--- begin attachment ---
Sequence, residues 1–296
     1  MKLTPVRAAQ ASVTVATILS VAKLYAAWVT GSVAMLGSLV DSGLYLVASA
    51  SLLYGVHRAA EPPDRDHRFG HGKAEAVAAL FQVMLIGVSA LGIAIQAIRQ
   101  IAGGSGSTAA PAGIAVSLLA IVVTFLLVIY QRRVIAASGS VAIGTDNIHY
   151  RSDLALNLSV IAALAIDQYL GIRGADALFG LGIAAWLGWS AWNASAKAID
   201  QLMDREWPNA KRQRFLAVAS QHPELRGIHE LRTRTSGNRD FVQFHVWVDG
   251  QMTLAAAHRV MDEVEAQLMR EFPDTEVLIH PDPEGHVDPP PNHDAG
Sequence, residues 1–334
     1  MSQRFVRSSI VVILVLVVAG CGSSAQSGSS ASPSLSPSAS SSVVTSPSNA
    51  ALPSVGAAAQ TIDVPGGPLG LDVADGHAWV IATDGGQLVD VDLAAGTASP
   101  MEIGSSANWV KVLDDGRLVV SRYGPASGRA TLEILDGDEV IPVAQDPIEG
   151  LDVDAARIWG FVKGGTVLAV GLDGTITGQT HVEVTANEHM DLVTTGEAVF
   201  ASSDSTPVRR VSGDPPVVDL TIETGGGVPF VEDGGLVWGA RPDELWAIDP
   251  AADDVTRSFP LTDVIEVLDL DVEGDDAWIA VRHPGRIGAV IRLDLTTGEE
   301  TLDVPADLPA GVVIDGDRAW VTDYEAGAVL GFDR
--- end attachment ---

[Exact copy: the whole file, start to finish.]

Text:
Sequence, residues 1–296
     1  MKLTPVRAAQ ASVTVATILS VAKLYAAWVT GSVAMLGSLV DSGLYLVASA
    51  SLLYGVHRAA EPPDRDHRFG HGKAEAVAAL FQVMLIGVSA LGIAIQAIRQ
   101  IAGGSGSTAA PAGIAVSLLA IVVTFLLVIY QRRVIAASGS VAIGTDNIHY
   151  RSDLALNLSV IAALAIDQYL GIRGADALFG LGIAAWLGWS AWNASAKAID
   201  QLMDREWPNA KRQRFLAVAS QHPELRGIHE LRTRTSGNRD FVQFHVWVDG
   251  QMTLAAAHRV MDEVEAQLMR EFPDTEVLIH PDPEGHVDPP PNHDAG
Sequence, residues 1–334
     1  MSQRFVRSSI VVILVLVVAG CGSSAQSGSS ASPSLSPSAS SSVVTSPSNA
    51  ALPSVGAAAQ TIDVPGGPLG LDVADGHAWV IATDGGQLVD VDLAAGTASP
   101  MEIGSSANWV KVLDDGRLVV SRYGPASGRA TLEILDGDEV IPVAQDPIEG
   151  LDVDAARIWG FVKGGTVLAV GLDGTITGQT HVEVTANEHM DLVTTGEAVF
   201  ASSDSTPVRR VSGDPPVVDL TIETGGGVPF VEDGGLVWGA RPDELWAIDP
   251  AADDVTRSFP LTDVIEVLDL DVEGDDAWIA VRHPGRIGAV IRLDLTTGEE
   301  TLDVPADLPA GVVIDGDRAW VTDYEAGAVL GFDR